May 2, 2013 – Matt Sawatzky likes photography because photos tell stories in ways that words cannot.
“Learning to do that well—to be able to capture a story visually—is interesting to me,” says Sawatzky, who participated in CMU’s Outtatown Discipleship School 2001-2002 and graduated from CMU with a three-year B.A. in International Development Studies (IDS) in 2006.
Sawatzky’s latest project combines his love for photography with his interest in international development. “A Sad Sort of Clean: Hydropower in Northern Manitoba” is an exhibit opening this Friday, May 3 at Winnipeg’s Flatlanders Studio that features photography and video Sawatzky created along with Cree elder Ellen Cook.
The photos and videos feature people and waterways that have been affected by hydro development in Northern Manitoba. Sawatzky and Cook spent 11 days last spring visiting Grand Rapids, Split Lake, and South Indian Lake, three communities that are between five and 11 hours north of Winnipeg.
Commissioned by the Interfaith Task Force on Northern Hydro Development, a coalition of leaders from Mennonite, United, Lutheran, and Roman Catholic churches and The Thunderbird Lodge who aim to promote thoughtful debate on hydro issues, “A Sad Sort of Clean” asks three questions: Is hydropower clean? Are new dams a good idea? Does Manitoba need new dams or a new approach to hydro?
“The purpose of the project is to show the human cost of our ‘green’ energy,” Sawatzky says. “It’s not to disparage or demonize Manitoba Hydro, but rather, to counter the clean image they present themselves with by showing the people and waterways at the end of the transmission line.”
“The goal was to show that our great hydro-electricity comes at a cost,” he adds.
It was during his time in Guatemala on Outtatown that Sawatzky first fell in love with photography. When he returned home to Winnipeg, he enjoyed getting the prints back that he had shot with a small point-and-shoot camera.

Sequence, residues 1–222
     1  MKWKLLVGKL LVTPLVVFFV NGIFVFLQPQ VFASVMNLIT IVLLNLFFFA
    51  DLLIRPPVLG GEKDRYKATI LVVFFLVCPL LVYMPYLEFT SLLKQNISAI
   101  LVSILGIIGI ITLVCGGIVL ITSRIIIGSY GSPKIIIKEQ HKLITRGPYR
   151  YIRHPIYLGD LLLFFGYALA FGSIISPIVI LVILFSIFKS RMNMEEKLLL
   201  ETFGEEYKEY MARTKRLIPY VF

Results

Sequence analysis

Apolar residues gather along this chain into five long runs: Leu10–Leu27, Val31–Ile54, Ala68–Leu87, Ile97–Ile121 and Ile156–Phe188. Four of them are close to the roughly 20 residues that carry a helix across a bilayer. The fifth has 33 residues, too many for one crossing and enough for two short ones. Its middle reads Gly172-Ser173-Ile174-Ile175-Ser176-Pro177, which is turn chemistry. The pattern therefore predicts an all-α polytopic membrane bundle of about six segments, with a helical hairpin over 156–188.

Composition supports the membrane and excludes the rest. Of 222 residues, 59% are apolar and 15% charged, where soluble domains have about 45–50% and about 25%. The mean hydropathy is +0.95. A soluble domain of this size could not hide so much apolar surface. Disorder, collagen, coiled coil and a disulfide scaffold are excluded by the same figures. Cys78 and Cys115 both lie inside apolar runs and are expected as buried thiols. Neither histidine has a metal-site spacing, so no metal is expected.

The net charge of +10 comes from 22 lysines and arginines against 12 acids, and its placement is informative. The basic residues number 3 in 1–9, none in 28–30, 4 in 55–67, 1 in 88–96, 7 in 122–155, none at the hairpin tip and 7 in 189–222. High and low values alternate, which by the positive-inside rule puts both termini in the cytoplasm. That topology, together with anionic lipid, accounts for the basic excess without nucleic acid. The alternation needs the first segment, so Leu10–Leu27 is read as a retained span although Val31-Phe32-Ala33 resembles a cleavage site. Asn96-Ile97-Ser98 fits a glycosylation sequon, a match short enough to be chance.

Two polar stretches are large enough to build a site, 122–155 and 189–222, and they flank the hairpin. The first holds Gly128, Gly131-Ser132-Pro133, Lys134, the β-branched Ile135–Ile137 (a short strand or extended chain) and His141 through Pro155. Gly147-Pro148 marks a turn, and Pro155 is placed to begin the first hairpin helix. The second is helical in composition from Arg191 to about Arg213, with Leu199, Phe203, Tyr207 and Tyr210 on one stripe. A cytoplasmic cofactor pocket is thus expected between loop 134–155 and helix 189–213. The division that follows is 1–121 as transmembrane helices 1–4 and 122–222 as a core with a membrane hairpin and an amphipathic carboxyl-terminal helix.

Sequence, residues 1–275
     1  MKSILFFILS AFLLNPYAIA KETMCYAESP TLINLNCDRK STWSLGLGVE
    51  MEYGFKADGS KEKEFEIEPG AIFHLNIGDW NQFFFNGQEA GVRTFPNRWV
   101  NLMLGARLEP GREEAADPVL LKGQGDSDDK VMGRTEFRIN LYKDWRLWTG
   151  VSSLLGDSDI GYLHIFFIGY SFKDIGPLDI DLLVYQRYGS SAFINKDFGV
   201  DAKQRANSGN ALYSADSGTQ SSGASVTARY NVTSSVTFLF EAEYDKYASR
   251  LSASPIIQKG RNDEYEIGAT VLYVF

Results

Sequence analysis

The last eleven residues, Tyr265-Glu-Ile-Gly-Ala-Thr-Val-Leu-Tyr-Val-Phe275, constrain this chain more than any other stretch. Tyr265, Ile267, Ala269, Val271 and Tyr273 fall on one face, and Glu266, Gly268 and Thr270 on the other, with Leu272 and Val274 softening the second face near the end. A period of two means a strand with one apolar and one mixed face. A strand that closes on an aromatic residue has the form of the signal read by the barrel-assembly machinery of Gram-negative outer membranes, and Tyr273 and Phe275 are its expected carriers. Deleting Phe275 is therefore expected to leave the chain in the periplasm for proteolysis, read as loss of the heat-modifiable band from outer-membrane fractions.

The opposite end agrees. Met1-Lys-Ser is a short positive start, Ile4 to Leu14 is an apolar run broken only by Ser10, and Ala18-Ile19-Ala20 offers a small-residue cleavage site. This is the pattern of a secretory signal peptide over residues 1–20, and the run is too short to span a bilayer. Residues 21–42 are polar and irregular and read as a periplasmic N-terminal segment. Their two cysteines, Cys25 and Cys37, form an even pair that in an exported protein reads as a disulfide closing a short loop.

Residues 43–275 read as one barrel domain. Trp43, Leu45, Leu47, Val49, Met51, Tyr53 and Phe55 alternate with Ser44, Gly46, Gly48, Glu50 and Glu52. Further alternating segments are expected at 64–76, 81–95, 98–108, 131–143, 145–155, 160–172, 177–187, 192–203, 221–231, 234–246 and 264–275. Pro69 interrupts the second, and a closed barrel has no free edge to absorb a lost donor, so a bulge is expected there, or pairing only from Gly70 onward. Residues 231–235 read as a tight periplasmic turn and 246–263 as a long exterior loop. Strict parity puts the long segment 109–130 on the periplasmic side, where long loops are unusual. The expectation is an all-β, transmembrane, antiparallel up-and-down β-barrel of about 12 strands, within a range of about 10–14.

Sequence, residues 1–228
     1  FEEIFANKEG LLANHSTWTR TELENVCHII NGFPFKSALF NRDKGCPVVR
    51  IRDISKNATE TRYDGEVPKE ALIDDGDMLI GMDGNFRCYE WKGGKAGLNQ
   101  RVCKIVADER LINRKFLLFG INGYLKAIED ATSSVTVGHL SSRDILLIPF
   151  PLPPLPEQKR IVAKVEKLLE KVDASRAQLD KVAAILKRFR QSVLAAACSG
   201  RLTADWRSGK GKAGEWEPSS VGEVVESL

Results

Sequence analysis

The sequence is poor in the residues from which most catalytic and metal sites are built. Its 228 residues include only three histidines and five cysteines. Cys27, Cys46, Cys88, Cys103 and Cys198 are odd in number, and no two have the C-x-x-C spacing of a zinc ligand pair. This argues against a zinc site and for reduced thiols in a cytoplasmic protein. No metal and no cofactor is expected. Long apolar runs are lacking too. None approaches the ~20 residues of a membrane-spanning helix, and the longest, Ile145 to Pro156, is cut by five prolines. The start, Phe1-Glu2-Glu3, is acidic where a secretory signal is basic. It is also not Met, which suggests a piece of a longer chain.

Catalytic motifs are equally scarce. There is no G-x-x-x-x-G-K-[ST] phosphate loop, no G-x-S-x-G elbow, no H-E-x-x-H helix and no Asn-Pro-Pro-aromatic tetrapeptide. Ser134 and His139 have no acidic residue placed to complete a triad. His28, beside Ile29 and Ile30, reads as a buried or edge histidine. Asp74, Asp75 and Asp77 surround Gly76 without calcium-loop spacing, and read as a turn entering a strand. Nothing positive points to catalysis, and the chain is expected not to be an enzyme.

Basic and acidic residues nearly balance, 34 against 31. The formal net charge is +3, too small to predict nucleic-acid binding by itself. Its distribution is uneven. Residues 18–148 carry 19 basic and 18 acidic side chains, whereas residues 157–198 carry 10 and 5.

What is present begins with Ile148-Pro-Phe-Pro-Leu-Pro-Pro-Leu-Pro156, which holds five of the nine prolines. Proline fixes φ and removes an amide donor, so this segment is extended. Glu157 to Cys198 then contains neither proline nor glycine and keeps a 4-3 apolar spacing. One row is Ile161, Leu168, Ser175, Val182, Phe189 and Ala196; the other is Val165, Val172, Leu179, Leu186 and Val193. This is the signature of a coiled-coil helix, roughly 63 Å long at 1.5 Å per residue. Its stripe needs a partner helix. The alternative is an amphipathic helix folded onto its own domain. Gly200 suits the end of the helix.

Sawatzky says he enjoys photography in part because it’s a way for him to record his experiences.
“Some people have a journal that they write in, but I’ve started to assemble photo albums for every year of my life,” he says. “It’s a way for me to document memories visually.”
Sawatzky’s Outtatown experience also led him to study IDS. The poverty he witnessed in Guatemala was eye-opening.
“Seeing the poverty, being out of my comfort zone, and seeing how the world actually operates made a big impact on me,” Sawatzky says.
In the years since, he has combined his love for photography and interest in IDS by working with non-governmental organizations in Egypt, Nepal, South Africa, and Zambia. He’s also travelled through India and New Zealand.
Sawatzky is currently working for a landscaping company and in September will start a pre-Master’s program in Landscape Architecture at the University of Manitoba.
“My time at CMU definitely shaped how I try and direct my life,” Sawatzky says. “Ultimately, I want to do work, whether it’s photographic or otherwise, that’s going to address inequalities in the world and work toward justice.”
“A Sad Sort of Clean” opens at Winnipeg’s Flatlanders Studio (782 Main St.) on Friday, May 3 from 7-10 PM. The exhibit will be up until the end of June. Regular hours are 1-4 PM on Saturdays and Sundays (closed May 25-26). For more information, visit the exhibit’s Facebook page at www.tinyurl.com/SadClean.